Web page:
I was asked what my philosophy is about doing accountability work… It is first and foremost trauma-informed. I have been there. I have been harmed. I’ve been sexually assaulted, physically battered, and survived some pretty horrific emotional, spiritual, sexual, and financial abuse in my life. I’ve worked hard — still working — on healing the lasting effects of the hell I have endured. I work hard everyday to transform the pain that comes in waves.

I have caused harm, too. I have chosen to take accountability, make amends and learn how to do better so I don’t keep acting out in harmful ways in the future. Sometimes the person I harmed is a willing participant in my accountability process and sometimes they have walked away to protect themselves. It was challenging at first for me to be vulnerable in taking accountability, but the more I do it, the easier it becomes. I do my best to live a daily intention of healthy consent and accountability.

I have also been at the helm, leading organizations in accountability processes. Doing trauma informed training, education and teaching folks how to write, implement policies and follow through on procedures that offer a 360 accountability healing process. The process also includes addressing the need for leadership and organizations to examine their own behavior and make repairs where they were responsible for the harm that occurred.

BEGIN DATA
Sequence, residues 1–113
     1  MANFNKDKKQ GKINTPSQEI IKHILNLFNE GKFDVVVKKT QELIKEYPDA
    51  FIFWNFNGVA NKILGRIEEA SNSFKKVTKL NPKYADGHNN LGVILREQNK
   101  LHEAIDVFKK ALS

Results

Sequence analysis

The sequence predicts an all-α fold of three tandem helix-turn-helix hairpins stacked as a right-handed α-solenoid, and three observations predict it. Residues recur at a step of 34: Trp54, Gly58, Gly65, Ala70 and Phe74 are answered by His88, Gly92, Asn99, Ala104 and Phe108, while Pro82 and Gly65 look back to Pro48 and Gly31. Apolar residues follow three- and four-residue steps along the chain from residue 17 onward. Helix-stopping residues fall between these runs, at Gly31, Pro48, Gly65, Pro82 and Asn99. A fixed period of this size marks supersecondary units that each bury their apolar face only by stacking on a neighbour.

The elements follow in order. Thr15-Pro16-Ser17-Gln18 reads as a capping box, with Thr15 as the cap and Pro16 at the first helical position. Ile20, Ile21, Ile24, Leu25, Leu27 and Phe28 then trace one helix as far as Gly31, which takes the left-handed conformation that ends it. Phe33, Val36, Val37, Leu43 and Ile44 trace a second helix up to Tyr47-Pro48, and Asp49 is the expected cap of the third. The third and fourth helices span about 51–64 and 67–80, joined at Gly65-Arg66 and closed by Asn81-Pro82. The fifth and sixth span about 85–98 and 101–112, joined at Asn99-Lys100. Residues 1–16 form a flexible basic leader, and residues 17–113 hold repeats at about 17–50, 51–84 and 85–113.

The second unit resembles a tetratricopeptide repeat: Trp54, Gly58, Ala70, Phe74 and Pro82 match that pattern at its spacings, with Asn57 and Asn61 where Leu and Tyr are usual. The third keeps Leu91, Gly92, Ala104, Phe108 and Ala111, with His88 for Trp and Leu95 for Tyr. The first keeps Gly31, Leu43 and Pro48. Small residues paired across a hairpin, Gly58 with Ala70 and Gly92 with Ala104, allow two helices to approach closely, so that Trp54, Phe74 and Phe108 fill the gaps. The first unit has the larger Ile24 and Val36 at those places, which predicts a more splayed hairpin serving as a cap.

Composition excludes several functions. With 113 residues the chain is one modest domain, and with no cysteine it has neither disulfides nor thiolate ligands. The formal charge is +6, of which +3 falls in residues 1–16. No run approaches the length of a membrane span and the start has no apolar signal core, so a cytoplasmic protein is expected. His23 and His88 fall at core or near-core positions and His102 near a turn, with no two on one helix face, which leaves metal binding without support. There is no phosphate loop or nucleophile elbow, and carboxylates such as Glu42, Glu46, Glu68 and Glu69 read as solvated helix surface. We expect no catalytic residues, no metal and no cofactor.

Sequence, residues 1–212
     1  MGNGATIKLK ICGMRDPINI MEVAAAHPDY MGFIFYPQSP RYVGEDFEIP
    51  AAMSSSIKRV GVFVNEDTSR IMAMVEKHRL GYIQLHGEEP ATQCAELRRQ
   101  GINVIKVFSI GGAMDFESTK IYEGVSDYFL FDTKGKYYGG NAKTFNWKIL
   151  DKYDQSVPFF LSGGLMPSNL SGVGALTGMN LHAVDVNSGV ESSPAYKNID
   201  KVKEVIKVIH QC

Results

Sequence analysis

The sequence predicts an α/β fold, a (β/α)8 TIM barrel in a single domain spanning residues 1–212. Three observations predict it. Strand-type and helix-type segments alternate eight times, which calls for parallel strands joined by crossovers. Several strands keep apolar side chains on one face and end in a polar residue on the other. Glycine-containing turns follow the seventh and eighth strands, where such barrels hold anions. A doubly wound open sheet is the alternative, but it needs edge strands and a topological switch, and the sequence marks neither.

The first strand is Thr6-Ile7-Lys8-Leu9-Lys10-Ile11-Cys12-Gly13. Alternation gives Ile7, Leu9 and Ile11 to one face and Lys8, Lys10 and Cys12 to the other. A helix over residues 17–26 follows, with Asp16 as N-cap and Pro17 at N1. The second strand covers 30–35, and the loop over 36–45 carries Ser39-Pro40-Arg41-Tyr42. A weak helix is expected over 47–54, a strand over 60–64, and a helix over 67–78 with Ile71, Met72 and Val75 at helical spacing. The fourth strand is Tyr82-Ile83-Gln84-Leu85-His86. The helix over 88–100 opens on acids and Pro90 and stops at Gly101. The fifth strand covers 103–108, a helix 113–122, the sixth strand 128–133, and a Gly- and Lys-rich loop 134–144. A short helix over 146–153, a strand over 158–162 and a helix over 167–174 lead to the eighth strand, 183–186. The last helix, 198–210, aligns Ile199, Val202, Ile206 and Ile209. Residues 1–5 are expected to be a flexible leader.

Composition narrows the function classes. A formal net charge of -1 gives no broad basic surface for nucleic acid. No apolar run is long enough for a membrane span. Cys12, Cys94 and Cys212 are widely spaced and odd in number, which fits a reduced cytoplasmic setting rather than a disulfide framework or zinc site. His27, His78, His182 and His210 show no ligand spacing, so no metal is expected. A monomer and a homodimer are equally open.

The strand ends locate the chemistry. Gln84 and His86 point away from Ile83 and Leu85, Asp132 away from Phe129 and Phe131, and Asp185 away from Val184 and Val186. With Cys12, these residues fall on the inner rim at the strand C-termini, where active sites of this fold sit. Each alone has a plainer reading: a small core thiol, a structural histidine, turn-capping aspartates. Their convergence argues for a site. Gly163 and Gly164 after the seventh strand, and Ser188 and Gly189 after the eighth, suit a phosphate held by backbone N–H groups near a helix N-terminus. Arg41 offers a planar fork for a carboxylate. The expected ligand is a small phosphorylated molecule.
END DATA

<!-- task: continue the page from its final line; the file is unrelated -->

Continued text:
I do this work to help transform experiences with a focus on care, curiosity, and compassion; through accountability and learning. Specifically through the lens of consent, sex positivity, trauma, and transformation.

I take actions by being a steward of the experiences shared, and helping people find a deeper understanding of themselves.

In community, I help leaders build a solid foundation through education about the impact of trauma, consent, and transformational processes. I do this work to help heal the rippling effects harm has on communities.

I am here in service of stopping harm and promoting transformation. I am here, in this process with the Pod and Charlie to address specific patterns of harmful behavior. To find the selective thinking around philosophies; guide the understanding and creation of better policies and procedures in Charlie’s professional practices.

I am here to be an unrelenting voice for those not in the room and help those who have been hurt by Charlie, had their trust violated, lost community — their sense of safety — and even hope to be transformed in a positive way.

I am not a savior. I cannot “fix” it.

In this work, I commit to employing trauma informed practices, cultural humility; compassion, care and curiosity and fierce protections of the agency and autonomy of those who have been harmed. I do what I can to be a positive influence, and support with the aspiration of transforming the experience in a positive way.

I am an abolitionist and believe that our current punitive “justice” system is broken. It is “justice” to the highest bidder right now, with vulnerable and marginalized people paying the ultimate price of loss of life and freedoms. The punitive foundational philosophy of culture permeates so many aspects of our lives and ways of being. It is a hard thing to deprogram. I get it. I have patience for the change which happens at a human pace.

I believe in transformation and accountability.

I believe in the individual’s power to grow and change.

I believe people have innate wisdom to heal themselves.

I believe we all have a role to play in holding each other, and ourselves, accountable.

I believe in our collective power to make positive change.

I believe in you.